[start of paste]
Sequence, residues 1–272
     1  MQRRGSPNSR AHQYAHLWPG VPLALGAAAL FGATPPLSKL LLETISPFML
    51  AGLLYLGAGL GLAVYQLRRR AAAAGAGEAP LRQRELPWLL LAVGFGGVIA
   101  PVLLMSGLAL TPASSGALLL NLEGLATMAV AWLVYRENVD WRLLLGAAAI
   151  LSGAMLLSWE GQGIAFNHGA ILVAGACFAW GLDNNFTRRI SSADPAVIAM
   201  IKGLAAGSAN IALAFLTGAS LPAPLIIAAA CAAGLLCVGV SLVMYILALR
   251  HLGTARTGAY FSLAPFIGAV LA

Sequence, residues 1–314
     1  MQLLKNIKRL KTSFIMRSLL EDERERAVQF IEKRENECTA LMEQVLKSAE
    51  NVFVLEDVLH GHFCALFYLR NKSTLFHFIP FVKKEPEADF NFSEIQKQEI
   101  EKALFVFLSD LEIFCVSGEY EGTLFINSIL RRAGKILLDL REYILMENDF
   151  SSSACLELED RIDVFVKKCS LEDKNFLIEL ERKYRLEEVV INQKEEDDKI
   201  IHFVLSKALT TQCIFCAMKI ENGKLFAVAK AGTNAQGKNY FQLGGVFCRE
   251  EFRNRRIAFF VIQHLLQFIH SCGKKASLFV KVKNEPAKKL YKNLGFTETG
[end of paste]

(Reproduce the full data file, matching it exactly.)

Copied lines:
Sequence, residues 1–272
     1  MQRRGSPNSR AHQYAHLWPG VPLALGAAAL FGATPPLSKL LLETISPFML
    51  AGLLYLGAGL GLAVYQLRRR AAAAGAGEAP LRQRELPWLL LAVGFGGVIA
   101  PVLLMSGLAL TPASSGALLL NLEGLATMAV AWLVYRENVD WRLLLGAAAI
   151  LSGAMLLSWE GQGIAFNHGA ILVAGACFAW GLDNNFTRRI SSADPAVIAM
   201  IKGLAAGSAN IALAFLTGAS LPAPLIIAAA CAAGLLCVGV SLVMYILALR
   251  HLGTARTGAY FSLAPFIGAV LA

Sequence, residues 1–314
     1  MQLLKNIKRL KTSFIMRSLL EDERERAVQF IEKRENECTA LMEQVLKSAE
    51  NVFVLEDVLH GHFCALFYLR NKSTLFHFIP FVKKEPEADF NFSEIQKQEI
   101  EKALFVFLSD LEIFCVSGEY EGTLFINSIL RRAGKILLDL REYILMENDF
   151  SSSACLELED RIDVFVKKCS LEDKNFLIEL ERKYRLEEVV INQKEEDDKI
   201  IHFVLSKALT TQCIFCAMKI ENGKLFAVAK AGTNAQGKNY FQLGGVFCRE
   251  EFRNRRIAFF VIQHLLQFIH SCGKKASLFV KVKNEPAKKL YKNLGFTETG